Flamsteed Astronomy Society

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Have telescope.  Will travel

We started our training to assist operation of the 28-inch Great Equatorial.   Robert Massey devoted two hours to the first session on Monday February 28.   Eight volunteers from the Flamsteed turned-out in somewhat chilly conditions.  Experience levels were very varied.   Three or four members present were clearly at ‘expert’ level and engaged Robert in lively debate on the relative merits of various eyepieces and filters.  At the other end of the scale, your humble narrator is just discovering that astronomy is heavy, cold, and can be noisy.

Eddie and Robert had already drafted a procedure manual to give us a guide to the sequence of essential actions to set-up and shut-down the telescope.  For example, its important to remove the lens cap during start-up.   Its also essential to do this before opening the dome shutters to avoid the risk of an unexpected and probably fatal, sudden return to ground-level.  We were reasonably confident about dismantling the barriers which normally separate the telescope from visitors.   Re-erecting the barriers is another challenge altogether though.   Turning off the lights ready for observing seemed straightforward, but the guidance computer software is best left to the professionals.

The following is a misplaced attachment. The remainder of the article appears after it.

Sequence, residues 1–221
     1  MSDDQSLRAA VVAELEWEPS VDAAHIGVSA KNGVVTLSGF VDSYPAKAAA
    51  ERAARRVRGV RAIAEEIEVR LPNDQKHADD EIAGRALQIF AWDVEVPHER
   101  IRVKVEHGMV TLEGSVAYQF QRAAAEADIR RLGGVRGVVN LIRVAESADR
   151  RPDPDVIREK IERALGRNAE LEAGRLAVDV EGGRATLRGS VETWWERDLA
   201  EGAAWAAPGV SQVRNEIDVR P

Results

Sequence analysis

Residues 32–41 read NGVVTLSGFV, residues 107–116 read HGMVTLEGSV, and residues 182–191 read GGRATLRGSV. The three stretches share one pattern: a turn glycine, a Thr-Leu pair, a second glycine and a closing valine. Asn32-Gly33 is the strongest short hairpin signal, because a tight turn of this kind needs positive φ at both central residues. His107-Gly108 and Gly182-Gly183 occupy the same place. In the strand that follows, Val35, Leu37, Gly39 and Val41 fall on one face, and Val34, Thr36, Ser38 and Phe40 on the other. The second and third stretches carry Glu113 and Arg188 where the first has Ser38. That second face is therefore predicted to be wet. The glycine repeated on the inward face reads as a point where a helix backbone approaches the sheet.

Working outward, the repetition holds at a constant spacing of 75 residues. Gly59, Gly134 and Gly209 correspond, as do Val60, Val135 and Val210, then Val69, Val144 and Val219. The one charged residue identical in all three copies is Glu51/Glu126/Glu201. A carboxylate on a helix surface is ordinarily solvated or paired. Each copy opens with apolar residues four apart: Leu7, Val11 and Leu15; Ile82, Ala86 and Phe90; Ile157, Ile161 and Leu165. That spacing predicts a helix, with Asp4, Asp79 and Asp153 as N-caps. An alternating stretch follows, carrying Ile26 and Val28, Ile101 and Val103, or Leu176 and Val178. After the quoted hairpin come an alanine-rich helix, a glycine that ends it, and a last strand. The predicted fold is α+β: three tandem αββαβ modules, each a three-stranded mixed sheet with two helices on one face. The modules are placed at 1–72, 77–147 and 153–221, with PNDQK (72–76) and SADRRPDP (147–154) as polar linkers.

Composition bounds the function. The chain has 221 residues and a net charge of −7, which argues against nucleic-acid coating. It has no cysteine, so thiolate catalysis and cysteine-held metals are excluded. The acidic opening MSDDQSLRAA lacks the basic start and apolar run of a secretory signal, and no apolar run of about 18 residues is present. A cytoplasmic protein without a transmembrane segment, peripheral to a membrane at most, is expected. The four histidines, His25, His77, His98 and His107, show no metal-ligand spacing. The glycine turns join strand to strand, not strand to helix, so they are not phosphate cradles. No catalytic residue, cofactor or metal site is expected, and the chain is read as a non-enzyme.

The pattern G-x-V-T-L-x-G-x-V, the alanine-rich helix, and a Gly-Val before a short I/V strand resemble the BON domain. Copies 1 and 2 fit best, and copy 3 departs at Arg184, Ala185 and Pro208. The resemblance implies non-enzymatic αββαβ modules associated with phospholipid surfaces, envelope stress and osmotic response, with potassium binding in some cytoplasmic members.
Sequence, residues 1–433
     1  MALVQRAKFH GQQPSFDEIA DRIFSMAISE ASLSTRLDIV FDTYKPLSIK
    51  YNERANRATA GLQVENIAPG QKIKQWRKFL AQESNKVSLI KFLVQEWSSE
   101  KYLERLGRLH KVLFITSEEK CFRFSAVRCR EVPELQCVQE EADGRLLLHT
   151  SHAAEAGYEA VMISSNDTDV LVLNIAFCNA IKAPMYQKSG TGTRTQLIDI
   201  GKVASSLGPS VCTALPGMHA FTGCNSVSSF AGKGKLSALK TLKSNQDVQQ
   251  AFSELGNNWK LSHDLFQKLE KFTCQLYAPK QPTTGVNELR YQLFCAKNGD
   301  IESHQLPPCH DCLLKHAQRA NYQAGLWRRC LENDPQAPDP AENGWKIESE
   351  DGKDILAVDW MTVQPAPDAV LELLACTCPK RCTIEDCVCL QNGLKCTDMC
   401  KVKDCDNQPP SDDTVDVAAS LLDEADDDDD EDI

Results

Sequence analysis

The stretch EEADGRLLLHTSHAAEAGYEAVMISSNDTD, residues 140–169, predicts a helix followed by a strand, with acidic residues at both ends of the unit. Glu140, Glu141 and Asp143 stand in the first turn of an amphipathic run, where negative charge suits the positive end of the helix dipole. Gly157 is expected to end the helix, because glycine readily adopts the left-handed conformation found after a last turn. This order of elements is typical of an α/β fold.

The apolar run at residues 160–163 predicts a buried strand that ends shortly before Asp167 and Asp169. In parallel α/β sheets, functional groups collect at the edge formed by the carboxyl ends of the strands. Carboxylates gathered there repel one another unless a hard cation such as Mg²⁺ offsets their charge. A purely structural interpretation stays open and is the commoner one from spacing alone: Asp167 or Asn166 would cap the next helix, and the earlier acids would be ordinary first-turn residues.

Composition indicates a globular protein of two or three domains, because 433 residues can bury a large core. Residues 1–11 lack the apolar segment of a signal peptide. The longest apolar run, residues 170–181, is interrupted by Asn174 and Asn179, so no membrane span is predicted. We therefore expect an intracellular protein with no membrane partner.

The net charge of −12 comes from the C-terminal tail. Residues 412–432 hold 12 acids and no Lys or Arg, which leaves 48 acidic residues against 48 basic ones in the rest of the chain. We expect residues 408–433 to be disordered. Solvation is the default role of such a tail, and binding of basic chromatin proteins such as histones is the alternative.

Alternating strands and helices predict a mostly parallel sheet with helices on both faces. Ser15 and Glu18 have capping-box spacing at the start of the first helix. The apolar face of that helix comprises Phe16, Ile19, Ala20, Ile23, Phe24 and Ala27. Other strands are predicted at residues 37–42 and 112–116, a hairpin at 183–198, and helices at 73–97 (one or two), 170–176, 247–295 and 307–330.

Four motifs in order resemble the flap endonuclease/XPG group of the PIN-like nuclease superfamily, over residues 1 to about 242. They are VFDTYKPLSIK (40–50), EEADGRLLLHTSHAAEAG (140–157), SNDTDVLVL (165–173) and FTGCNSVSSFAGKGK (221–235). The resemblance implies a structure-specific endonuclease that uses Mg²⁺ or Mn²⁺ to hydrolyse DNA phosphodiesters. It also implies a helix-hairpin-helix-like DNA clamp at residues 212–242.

Many of the museum visitors were quite keen at first to join in, but enthusiasm waned rapidly when it became clear that there really wasn’t anything to see through the telescope at 3pm on a cloudy afternoon.

After an hour or so it began to look as if we were mastering the rudiments of assisting safe operation.  Several of the actions needed to set-up and train the telescope really do require two people.   With a bit of practice, we look forward to being able to help-out at “Evenings with the Stars” and similar events.

With commendable patience and enthusiasm, Robert offered to run a follow-up session, and we hope to arrange an evening or week-end session for volunteers who have employment difficulties or other unfortunate mid-week commitments.   We plan to build a team of around a dozen trained volunteers who will be able to help-out at both mid-week and weekend, daytime and evening events.

Pictures by Mike Dryland © NMM

Training on the 28-inch Great Equatorial

February 28, 2005